# APPLIED MECHANICS- Momentum

# LAWS OF MOTION

### EQUATIONS OF MOTION:

(i) Consider the motion of a body with uniform acceleration ‘a’

Let,

u = Initial velocity

v = Final velocity

t = Time taken for change of velocity from u to v

As we know that acceleration is rate of change of velocity,

Acceleration, a = change of velocity/time

a = v - u/t

v – u = a.t

**v = u + a.t**

(ii) Displacement, s = Average Velocity x Time

s = v + u/2 x t

s = u + a.t + u/2 x t

s = 2u + a.t/2 x t

s = 2.u.t/2 + 1/2 a.t^{2}

**s = u.t + 1/2 a.t ^{2}**

(iii) Displacement, s = Average Velocity x Time

s = v + u/2 x t

s = v + u/2 x v - u/a

s = v^{2} - u^{2}/a

v^{2} – u^{2 }= 2.a.s

**v ^{2} = u^{2 }+ 2.a.s**

### MOMENTUM

It is the quantity of motion possessed by a body moving in a straight line and is the product of mass of the body and its velocity.

If

m = mass of a body

V = Velocity of the body

Momentum = Mass x Velocity

Momentum = m x V

Unit of momentum is kg m/s.

When a heavy object moving with a certain velocity hits us, the effect produced by it is, much more than a lighter one moving with the same velocity. Similarly, for the same mass, the effect produced is greater for greater velocity. Thus, we conclude that the effect produced by a moving body depends upon its mass and velocity it possesses.

### IMPULSE AND IMPULSIVE FORCE

The force which acts for a very short duration of time and yet produces considerable change in momentum of the body on which it acts, is known as impulsive force and the total change of momentum caused by an impulsive force is known as impulse.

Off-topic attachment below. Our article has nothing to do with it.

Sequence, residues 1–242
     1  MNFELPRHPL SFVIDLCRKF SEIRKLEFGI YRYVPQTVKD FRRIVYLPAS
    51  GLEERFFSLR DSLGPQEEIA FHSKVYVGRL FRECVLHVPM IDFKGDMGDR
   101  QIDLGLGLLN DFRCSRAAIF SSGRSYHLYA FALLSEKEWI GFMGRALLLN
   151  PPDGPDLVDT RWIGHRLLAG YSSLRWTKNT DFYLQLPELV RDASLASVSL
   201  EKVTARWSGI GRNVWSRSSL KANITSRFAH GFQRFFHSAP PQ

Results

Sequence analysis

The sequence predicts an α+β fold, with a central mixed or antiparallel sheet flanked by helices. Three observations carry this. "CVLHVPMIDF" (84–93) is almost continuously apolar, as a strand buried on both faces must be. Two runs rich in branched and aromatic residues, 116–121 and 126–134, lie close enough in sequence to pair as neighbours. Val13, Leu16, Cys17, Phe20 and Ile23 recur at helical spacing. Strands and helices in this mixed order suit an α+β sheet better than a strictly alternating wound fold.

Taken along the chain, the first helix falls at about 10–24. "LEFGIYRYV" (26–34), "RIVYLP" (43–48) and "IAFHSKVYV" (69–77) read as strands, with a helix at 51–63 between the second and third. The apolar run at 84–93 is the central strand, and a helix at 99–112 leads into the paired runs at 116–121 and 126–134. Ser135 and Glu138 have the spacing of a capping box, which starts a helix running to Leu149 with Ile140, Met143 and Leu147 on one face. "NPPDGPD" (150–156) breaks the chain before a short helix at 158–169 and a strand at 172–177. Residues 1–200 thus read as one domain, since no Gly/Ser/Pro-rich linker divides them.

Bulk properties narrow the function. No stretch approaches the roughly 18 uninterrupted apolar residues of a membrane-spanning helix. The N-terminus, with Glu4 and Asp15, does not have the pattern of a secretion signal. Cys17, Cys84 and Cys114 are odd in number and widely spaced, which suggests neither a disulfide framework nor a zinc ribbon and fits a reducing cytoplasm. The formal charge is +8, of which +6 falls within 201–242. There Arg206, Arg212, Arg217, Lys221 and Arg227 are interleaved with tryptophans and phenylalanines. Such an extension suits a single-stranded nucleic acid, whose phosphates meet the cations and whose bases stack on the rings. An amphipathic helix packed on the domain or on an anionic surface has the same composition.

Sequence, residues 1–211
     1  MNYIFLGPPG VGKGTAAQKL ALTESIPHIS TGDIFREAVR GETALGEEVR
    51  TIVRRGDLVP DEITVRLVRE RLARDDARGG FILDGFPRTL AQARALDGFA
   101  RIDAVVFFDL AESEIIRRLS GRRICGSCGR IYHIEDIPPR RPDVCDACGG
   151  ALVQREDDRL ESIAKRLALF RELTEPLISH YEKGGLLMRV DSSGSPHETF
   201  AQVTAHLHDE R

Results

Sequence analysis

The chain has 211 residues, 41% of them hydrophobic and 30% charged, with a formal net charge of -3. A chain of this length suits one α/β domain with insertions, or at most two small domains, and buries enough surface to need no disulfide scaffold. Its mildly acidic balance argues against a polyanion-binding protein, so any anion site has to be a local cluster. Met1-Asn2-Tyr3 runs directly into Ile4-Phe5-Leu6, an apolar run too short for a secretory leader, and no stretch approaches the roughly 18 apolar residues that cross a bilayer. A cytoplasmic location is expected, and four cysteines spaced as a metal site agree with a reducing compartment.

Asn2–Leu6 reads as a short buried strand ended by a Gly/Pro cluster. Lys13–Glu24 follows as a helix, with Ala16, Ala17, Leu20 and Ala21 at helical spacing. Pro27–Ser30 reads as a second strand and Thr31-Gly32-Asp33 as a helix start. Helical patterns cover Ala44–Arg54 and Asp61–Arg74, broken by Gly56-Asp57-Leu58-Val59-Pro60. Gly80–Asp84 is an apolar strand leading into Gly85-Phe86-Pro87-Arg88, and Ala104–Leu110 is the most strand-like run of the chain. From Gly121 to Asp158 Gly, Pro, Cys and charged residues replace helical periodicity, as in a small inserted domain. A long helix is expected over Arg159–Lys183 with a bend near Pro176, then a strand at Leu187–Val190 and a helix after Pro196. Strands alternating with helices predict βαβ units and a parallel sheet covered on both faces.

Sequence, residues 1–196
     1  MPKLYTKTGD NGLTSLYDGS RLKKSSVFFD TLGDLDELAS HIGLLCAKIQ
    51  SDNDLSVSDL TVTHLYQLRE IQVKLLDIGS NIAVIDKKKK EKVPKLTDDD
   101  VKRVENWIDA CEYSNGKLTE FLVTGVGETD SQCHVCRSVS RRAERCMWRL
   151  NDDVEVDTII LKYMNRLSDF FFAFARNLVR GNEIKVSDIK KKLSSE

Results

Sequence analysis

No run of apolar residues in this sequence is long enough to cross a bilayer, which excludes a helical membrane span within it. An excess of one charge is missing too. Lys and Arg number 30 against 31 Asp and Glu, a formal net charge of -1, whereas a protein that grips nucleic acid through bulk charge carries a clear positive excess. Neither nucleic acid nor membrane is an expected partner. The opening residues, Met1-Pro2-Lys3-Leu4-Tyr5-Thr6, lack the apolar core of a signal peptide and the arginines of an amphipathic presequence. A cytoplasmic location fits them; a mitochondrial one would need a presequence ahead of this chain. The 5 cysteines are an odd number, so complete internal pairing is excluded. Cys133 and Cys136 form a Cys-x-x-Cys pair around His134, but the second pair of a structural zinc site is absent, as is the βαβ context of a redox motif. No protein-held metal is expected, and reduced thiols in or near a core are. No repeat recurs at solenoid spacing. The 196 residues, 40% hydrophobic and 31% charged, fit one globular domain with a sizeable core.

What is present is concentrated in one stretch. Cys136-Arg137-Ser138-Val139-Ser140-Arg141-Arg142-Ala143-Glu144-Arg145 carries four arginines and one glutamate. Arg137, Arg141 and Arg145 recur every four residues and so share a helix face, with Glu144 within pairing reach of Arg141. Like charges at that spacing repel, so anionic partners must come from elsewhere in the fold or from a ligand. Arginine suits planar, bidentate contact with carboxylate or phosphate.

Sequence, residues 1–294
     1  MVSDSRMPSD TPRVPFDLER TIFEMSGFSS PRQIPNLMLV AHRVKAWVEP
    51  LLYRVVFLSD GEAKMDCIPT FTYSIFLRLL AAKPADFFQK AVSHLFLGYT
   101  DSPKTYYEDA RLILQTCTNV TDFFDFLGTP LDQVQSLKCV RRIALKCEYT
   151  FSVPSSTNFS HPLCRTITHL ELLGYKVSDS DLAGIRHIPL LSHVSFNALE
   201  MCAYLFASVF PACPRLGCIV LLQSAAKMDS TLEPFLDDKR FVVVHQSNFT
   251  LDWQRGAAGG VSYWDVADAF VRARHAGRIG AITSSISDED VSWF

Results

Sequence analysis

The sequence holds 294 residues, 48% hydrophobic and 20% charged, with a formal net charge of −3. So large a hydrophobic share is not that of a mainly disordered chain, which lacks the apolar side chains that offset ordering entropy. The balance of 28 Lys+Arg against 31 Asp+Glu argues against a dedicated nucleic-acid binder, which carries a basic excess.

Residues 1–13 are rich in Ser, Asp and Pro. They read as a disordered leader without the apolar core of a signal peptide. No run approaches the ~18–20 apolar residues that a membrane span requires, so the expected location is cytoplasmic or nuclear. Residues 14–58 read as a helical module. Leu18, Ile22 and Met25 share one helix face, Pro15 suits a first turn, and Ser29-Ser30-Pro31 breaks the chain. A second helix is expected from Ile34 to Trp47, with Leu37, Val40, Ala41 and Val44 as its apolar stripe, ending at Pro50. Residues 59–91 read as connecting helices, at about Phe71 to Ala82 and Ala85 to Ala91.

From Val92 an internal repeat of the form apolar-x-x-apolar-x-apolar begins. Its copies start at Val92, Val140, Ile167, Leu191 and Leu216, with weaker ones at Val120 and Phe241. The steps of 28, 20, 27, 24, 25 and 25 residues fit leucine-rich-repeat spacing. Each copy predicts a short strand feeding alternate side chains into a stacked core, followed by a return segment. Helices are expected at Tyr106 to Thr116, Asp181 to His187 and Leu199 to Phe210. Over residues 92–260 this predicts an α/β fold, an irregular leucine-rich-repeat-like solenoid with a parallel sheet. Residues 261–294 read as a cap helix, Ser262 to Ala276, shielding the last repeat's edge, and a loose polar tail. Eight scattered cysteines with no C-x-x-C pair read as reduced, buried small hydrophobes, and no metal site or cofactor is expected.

The blow of hammer and the collision of two bodes are the examples of two such instances where the force that acts is of very high magnitude and the time interval is very small. Under such circumstances, it becomes difficult either to measure the force or the interval of time during which it is applied. So, in such cases, the force is measured by the change of momentum of the body on which it acts. Thus, if F is such a force which acts on a body of mass m for a very small interval of time t and changes the velocity of the body form u to v, then from Newton’s Second law of motion.

F = mv - mu/t

F x t = m(v – u) = change of momentum

The product of F x t is called the **Impulse** and F is the **Impulsive Force**.

### CONSERVATION OF MOMENTUM

It states when two or more than two bodies collide, the total momentum before impact is equal to total momentum after impact.

Whenever two bodies collides, an impulsive force acts on each body during their impact. According to Newton’s third law of motion, action and reaction are equal and opposite. So, in this case, there will be equal and opposite impulsive forces acting on the bodies. Impulse is measured by change in momentum. Hence, change of momentums of the bodies will be equal and opposite, which means, the net change in momentum of the system is zero. Thus, whatever will be the momentum of the system before impact, the same will be after the impact.

Let two bodies of mass m_{1} and m_{2} have initial velocities u1 and u2 respectively. After the collision, say their velocities becomes v1 and v2

According to law of conservation of momentum,

Momentum before collision = Momentum after collision

m_{1}.u_{1} + m_{2}.u_{2} = m_{1}.v_{1} + m_{2}.v_{2}

If the collision takes place between two inelastic bodies, they will remain together after impact and move with the same velocity. In such case,

m_{1}.u_{1} + m_{2}.u_{2} = v (m_{1} + m_{2})

When the bodies, which collide, are elastic bodies then they will separate from each other and move with different velocities after the impact. In that case,

m_{1}.u_{1} + m_{2}.u_{2} = m_{1}.v_{1} + m_{2}.v_{2}

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